(c) Mitch Tobias

My Turn:

My Nights with the Circus

by Marcie Brown

Transcribed from American String Teacher, February 2007

I ran away to join the circus when I was 41 years old.

I packed up my husband, my five-week-old daughter, and my cello and headed for the lights of Las Vegas to perform 10 shows a week with the Cirque du Soleil's "O" show. As a freelance musician, I had always been able to piece together a modest living through a combination of teaching and performing, but there was never enough work and I had always dreamed of the day that I would get an opportunity to play full time. I could only imagine what it might be like to perform two shows a night for star-studded and adoring audiences, and to collect a handsome paycheck every two weeks. So, as we drove away from our lovely lagoon home in Alameda, California,, I felt very luck. I had a beautiful new daughter and a flashy job with a successful company. What could be better than playing in a posh theatre for a packed audience nightly?

Well, maybe not playing the same music every night?

The "O" show is an amazing theatrical production composed of Olympic gymnasts, divers, trapeze artists, clowns, and contortionists who weave in and out of a somewhat questionable fantasy-based plotline in and around a giant swimming pool. I played the cello and sang in the sound booth for most of the show, but I also had a special stage appearance. I wore thick make-up and an elaborate costume for this, a kind of awful-looking black granny dress with a long lace skirt that dragged behind and an odd headpiece adorned with sparkly sequins. Early on in the show, I would run down the steps to the stage where someone would strap a cello around my waist with a leather bely. I would then make my grand entrance, walking slowly and gracefully across the stage while playing a lovely cello solo beneath Russian twin trapeze artists named Alfia and Zulfia. When I got to the other side, someone would take off the instrument and I would throw off my black platform heels and my wig and run down hallways and up stairs to rejoin the band for my next musical entrance.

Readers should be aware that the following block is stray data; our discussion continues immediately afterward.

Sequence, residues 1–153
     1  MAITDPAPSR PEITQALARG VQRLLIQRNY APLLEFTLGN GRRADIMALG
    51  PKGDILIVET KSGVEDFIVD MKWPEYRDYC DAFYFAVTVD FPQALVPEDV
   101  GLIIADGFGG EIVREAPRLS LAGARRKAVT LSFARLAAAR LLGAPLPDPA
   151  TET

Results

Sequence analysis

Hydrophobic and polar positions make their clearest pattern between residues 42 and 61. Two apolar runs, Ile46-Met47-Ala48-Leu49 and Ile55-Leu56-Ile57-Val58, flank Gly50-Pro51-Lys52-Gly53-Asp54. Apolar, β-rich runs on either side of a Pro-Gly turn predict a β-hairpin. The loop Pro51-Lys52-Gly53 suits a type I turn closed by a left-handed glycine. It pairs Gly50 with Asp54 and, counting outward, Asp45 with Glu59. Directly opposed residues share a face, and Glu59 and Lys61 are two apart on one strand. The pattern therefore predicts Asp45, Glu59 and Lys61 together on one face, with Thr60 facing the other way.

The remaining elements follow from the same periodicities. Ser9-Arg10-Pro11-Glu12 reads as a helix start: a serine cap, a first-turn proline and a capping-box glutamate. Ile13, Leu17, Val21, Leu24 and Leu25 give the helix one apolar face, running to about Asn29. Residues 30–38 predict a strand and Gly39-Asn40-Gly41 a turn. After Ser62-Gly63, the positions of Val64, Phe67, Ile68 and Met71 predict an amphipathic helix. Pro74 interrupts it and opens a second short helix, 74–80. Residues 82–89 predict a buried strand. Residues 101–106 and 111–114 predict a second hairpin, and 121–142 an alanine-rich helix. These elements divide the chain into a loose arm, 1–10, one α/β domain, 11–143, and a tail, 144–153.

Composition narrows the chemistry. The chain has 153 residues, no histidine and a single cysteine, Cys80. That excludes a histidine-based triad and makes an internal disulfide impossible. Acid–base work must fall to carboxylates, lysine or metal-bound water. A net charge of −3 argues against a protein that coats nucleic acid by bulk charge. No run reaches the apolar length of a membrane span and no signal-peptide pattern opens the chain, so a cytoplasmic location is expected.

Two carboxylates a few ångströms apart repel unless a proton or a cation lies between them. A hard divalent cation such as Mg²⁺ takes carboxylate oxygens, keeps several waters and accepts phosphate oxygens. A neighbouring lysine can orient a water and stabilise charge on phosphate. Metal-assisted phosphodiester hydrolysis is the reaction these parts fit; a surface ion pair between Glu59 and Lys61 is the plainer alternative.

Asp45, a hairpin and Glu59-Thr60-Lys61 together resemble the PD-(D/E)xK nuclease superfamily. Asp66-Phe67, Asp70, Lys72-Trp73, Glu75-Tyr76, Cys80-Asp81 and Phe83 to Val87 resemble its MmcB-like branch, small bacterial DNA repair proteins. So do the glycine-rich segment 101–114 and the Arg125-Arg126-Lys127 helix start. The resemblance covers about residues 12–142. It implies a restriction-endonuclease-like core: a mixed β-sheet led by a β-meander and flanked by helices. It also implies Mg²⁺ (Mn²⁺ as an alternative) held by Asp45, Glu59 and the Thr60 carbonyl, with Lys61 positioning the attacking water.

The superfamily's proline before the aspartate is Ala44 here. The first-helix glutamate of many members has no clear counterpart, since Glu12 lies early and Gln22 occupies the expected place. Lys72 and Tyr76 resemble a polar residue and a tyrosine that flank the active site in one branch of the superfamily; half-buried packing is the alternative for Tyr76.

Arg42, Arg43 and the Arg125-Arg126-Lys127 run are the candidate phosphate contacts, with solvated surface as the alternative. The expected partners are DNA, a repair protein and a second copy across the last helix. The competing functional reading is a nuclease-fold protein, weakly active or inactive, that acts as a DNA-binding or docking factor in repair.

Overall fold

Up in the booth, the band was playing along with prerecorded tracks to create a somewhat live sound. Our director was a bit of a garage band leader with two repeating suggestions: that we play with the click track and that we play in tune. The band was quite good, though. In addition to bass, drums, percussion, and saxophone, we had a fantastic Chinese erhu player that I got to play duets with, and a Senegalese Kora player with a voice that could melt chocolate. Bagpipes and woodwinds were expertly played by a spirited young French Canadian woman, and our lead singer was always doing amazing things with her voice.

During the show, we would find things to do to entertain ourselves and to stay awake. When the clowns did their routine, the erhuist and I would run up and down 1- flights of stairs as fast as we could several times behind the sound booth. We would then jump back into our chairs just in time for our next entrances, smiling and invigorated, our hearts heating, our vibratos working exceptionally fast. There were funny things too, like the time I saw the head trapeze artist struggling to balance her tea in the cafeteria, or the time I took a Pilates class between shows and realized that I was stretching beside a Mongolian contortionist.

It takes a lot of energy to perform nightly at the level that the "O" show demands, jumping off Russian swings and doing aerials high in the air, balancing upside down on your head gracefully while swinging on a moving trapeze, or contorting yourself into unlikely positions to create hauntingly beautiful choreography. I was always impressed by the unfailing dedication that the cast had to make the show work.

But even the "greatest show on earth" gets old after several hundred performances. And though it may seem glamorous to play for Oprah and Dr. Phil one night and Paul McCartney and Carlos Santana the next, any creative artist will begin to question his own sanity in this type of repeat situation.

One night after performing two hundred shows with Cirque, I had a nightmare. I dreamed that I had to perform the same show with the same set of musicians forever, and that I would never, ever be allowed to play anything but that particular musical score. W hen I got to work the next night, I wasn't sure if I was still in my dream, or in reality.

I performed more then 500 shows with Cirque before heading back to the Bay Area where I now play regularly with an all-girl band called the Druid Sisters Tea Party. My daughter is four years old, and when I rock her to sleep at night, It ell her stories. Her favorite one begins like this: "When you were just a little baby, your mama played in the big circus, every night..." As I recount this story softly, and her eyes begin to droop, it seems magical and a big unbelievable, even to me.

Author: Marcie Brown California cellist Marcie Brown teaches and performs regularly with classical and jazz groups in the Bay Area, where she specializes in improvisation. She lives in Alameda with her husband and four-year-old daughter Isabelle, who plays Beethoven, Brahms, and Mississippi Hot Dog on her tiny cello and who has never been to a circus.
Marcie Brown in her Cirque du Soleil outfit Marcie Brown with the Russian twins